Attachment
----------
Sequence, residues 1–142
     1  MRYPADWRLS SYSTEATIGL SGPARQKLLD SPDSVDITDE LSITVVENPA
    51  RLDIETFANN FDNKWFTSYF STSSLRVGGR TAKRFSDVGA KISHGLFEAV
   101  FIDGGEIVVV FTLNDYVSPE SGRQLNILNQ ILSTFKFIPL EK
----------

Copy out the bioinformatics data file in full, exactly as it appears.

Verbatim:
Sequence, residues 1–142
     1  MRYPADWRLS SYSTEATIGL SGPARQKLLD SPDSVDITDE LSITVVENPA
    51  RLDIETFANN FDNKWFTSYF STSSLRVGGR TAKRFSDVGA KISHGLFEAV
   101  FIDGGEIVVV FTLNDYVSPE SGRQLNILNQ ILSTFKFIPL EK